In all cases, irradiating a fiber that presents zones of different photosensitivity gives rise to a variation in the mean index profile. This variation in the mean index profile can give rise to losses. These losses are encountered firstly on passing from the non-written zone into the grating zone, and secondly on passing from the grating zone into the non-written zone.

The invention proposes a solution to this novel problem. It proposes controlling index variation so as to limit losses. To do this, one solution consists in causing the amplitude of index modulation to vary progressively, at least at the ends of the grating. Progressive variation in the amplitude of the index modulation written in the grating gives rise to progressive variation in the index profile at the ends of the grating. The progressive nature of this variation limits losses on entering and leaving the grating.

FIG. 5 is a diagram showing index variation in a filter of the invention. The distance along the fiber is plotted along the abscissa and index difference as induced by writing the grating in the fiber is plotted up the ordinate. As can be seen in the figure, index difference is zero or small at the ends of the grating and increases progressively. In the example of FIG. 5, the grating is constituted essentially by a first portion in which index increases, and a second portion in which index decreases. It will be understood that it would also be possible to provide between these two portions a third portion in which modulation amplitude is different, for example in which modulation amplitude is constant.

The variation at each end of the grating can be defined as follows. Modulation amplitude may vary in linear, exponential, quadratic, Gaussian, or in any other manner. It may be continuous as in all the above-mentioned cases, or discontinuous. It may be monotonic, or otherwise, as shown in FIG. 5A. The length of the variation or the slope of mean index variation can be obtained qualitatively by applying rules known in the art for interconnecting fibers having different core diameters. Snyder and Love, in Optical Waveguide Theory, Chapman & Hall, Section 19-3, p. 411 propose the following qualitative criterion:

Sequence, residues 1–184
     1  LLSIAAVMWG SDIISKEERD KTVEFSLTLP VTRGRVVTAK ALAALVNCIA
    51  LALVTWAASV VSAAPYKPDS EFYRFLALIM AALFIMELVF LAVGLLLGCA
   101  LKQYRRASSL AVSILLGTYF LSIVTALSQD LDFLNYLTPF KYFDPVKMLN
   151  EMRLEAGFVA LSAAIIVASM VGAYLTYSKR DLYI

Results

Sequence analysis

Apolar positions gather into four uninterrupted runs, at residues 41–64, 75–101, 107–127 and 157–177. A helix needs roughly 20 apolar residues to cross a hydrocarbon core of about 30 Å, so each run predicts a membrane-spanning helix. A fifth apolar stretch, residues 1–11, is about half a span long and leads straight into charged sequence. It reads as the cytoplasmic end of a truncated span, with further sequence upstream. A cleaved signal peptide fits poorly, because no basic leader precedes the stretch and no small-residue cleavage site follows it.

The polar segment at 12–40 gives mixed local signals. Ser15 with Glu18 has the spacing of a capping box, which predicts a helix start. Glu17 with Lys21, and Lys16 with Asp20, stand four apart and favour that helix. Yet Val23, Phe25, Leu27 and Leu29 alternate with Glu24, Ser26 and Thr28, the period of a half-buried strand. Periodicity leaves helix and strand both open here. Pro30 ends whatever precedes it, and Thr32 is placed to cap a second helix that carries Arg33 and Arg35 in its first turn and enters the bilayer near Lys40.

4 π r core 2 Δ ( z ) V ( z ) W 2 ( z ) 1 n 2 ( z ) n 2 ( z ) ( z ) << 1
in which

Δ ( z ) = n core 2 - n cladding 2 2 n core 2 ,
where ncore is the core index and ncladding is the cladding index, and in which U, V, and W are the guiding parameters of the fiber.

V = 2 π λ r core · n core 2 - n cladding 2
U=√{square root over (V 2 −(1.1428V−0.996) 2 )}
W=√{square root over (V 2 −U 2 )}

This formula applies to step index fibers. The invention also applies to fibers of more complex profile. Under such circumstances, variation in modulation at the ends of the grating can be determined experimentally, by measuring losses in the grating. In any event, the invention proposes limiting variations of mean index, and thus the corresponding losses. These losses are preferably less than 0.3 dB.

FIGS. 6 and 7 show the results of the invention. FIG. 6 shows the transfer function of a filter of the invention, transmission is plotted up the ordinate, and wavelength along the abscissa. The fiber used was one of the fibers described in the above-specified patent applications in the name of the Applicant, having a photosensitivity ratio of 50% between the core and the cladding, and an index step Δne of 4×10−3. The written-in filter was a Bragg filter with a uniform pitch of 533.5 nanometers (nm) written over a length of 5 millimeters (mm). The grating was inclined at an angle of 30° relative to the axis of the fiber. At each end of the filter, modulation amplitude varied linearly from a value of zero to a maximum value approaching 10−3 over a length of 2.5 mm. The figure shows that insertion losses for the filter are of the order of 0.05 dB. In other words, the losses induced by the filter are very low outside the band in which the filter attenuates.

FIG. 7 is a corresponding graph for a filter that was identical except that it did not present variation in modulation amplitude or mean index at each end. Insertion losses in that filter were about 0.45 dB.

The invention can be implemented using conventional apparatus for irradiating photosensitive fibers in order to write gratings. A phase mask is used in such apparatus between the fiber and the source of ultraviolet light. The invention can be implemented by varying exposure time along the grating or by inserting an amplitude mask between the phase mask and the fiber. The amplitude of index modulation then decreases towards the ends of the grating, thereby enabling a fiber of the invention to be obtained.

The invention applies in particular to reducing insertion losses for the filters of the Applicants' above-mentioned patent applications, which are advantageously used as equalizing filters.

Naturally, the present invention is not limited to the examples and embodiments described and shown, and it can be varied in numerous ways by the person skilled in the art. It applies to types of written-in grating other than those described by way of example.

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Classifications
U.S. Classification385/37, 398/87
International ClassificationH04B10/29, G02B6/02, G02B6/10, G02B5/28, H04J14/02, G02B6/34, G02B5/18, G02B6/00, G02B6/293
Cooperative ClassificationG02B6/02085, G02B6/02119
European ClassificationG02B6/02G8H2